Former Knoxville Mayor, Victor Ashe in his column for the Shopper News last week sounded an alert, that maybe not all is well with our Knoxville Mayor’s well packaged new plan, Advance Knox. Mayor Ashe is concerned that the initial meeting for Advance Knox was held behind closed doors. Knox County has an embarrassing history with that (please search Black Wednesday, New York Times, if you are not aware). Not all the players have changed since then.
Mayor Ashe also told us the price tag of Advance Knox is a million dollars. Let’s use those dollars wisely and show up at the meetings -tonight at Hardin Valley Middle School and tomorrow night at Northshore Elementary where the consultants will record our views. At a price tag of upwards of $50,000 per public meeting we should certainly work to get our money’s worth.
Also last week, Hancen Sale, a very young man with a very long title and on the payroll of the Board of Realtors, appeared on the Realtors’ behalf before the County Commission. He presented an alarmist report on Knoxville’s housing crisis. The press covered and ran with it, likely primed by advance press releases.
There’s no denying it’s a red hot seller’s market and housing affordability is a major concern. However, those who have combed the report’s stats suggest a major caveat.
The baseline for the report is the Covid years, certainly major statistical anomalies. People were working from home, many others homebound due to illness or trying to avoid it, homes could not be shown for sale, and a time when our schools were closed and businesses shuttered or struggling.
Should we base important decisions on such of data? Those who have lived through boom bust cycles understand that a significant overnight hike in interest rates, the very thing the Federal Reserve is already discussing may put the brakes on and turn the boom to bust. They ask what then will happen to the thousands of apartment units already adorning the slopes around Knoxville. If history is a good teacher, therein may lie the answer to affordable housing. Facing huge mortgage payments and a dwindling pool of capable high rent payers, will the absentee investor owners then turn to the subsidy programs of the federal government? Worse, will some of those go into default and sit neglected for the years it takes lenders to foreclose and eventually remarket?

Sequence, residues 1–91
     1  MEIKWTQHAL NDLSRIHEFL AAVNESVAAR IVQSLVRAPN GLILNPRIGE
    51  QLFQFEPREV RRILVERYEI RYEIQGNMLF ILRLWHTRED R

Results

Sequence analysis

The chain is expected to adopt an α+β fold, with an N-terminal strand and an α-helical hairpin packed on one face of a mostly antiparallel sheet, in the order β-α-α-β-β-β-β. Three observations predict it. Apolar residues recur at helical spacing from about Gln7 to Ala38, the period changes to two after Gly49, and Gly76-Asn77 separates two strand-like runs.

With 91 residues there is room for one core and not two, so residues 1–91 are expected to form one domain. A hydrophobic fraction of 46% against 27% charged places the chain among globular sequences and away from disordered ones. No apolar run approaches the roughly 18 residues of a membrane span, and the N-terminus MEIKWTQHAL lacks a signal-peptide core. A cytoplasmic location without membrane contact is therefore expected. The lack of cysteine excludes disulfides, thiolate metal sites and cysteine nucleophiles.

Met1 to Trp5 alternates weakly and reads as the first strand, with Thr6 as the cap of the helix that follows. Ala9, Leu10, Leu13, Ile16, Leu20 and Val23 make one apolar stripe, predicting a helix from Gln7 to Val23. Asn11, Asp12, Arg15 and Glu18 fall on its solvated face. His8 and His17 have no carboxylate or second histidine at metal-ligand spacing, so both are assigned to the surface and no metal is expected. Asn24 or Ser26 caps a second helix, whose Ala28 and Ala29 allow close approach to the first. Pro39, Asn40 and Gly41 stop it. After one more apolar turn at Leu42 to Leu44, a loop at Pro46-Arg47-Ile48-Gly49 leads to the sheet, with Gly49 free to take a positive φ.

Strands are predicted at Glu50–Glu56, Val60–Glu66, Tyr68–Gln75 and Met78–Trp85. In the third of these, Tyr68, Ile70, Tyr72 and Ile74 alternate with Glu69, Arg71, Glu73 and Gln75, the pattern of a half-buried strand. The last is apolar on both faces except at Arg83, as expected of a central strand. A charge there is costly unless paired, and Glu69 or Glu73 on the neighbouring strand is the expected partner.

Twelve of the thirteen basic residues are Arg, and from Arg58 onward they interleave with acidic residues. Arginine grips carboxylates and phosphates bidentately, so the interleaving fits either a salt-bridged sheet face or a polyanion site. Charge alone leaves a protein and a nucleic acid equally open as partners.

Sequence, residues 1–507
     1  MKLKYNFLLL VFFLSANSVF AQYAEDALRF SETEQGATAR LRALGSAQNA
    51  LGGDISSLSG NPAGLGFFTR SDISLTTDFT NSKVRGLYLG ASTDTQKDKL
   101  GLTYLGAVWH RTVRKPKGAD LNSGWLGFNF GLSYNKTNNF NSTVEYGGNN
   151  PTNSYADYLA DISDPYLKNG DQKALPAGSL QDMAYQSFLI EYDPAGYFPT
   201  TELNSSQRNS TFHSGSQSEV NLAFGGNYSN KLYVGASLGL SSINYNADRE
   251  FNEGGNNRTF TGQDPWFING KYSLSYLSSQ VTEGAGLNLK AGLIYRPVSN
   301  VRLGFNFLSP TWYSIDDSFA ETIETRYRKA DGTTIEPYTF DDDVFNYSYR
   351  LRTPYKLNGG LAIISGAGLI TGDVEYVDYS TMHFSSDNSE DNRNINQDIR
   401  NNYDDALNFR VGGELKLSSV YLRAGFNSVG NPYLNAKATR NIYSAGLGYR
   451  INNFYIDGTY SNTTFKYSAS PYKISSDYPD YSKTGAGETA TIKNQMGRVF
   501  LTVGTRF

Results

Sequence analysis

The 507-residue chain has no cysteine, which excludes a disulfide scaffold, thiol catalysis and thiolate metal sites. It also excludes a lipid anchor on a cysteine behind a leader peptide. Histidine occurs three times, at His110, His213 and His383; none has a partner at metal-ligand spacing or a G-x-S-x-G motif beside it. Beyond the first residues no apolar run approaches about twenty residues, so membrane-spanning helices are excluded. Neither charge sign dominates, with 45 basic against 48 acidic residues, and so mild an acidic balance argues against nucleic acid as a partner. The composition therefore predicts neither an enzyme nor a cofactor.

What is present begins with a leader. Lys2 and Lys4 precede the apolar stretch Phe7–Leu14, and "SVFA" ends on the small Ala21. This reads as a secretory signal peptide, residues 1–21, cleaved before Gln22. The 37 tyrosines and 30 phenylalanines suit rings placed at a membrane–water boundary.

For close observers the most interesting part of Mr. Sale’s presentation came at the conclusion by way Commissioner comments. Both Mr. Jay and Mr. Smith showed they were well pleased with what to others may have looked like a dog and pony show designed to gird the effort to gut zoning and allow the build-out of Knox County’s remaining land. Caveat emptor, let the buyer beware, is enduring advice. A message crafted by an industry spokesperson should always be viewed with a discerning eye. All information needs context.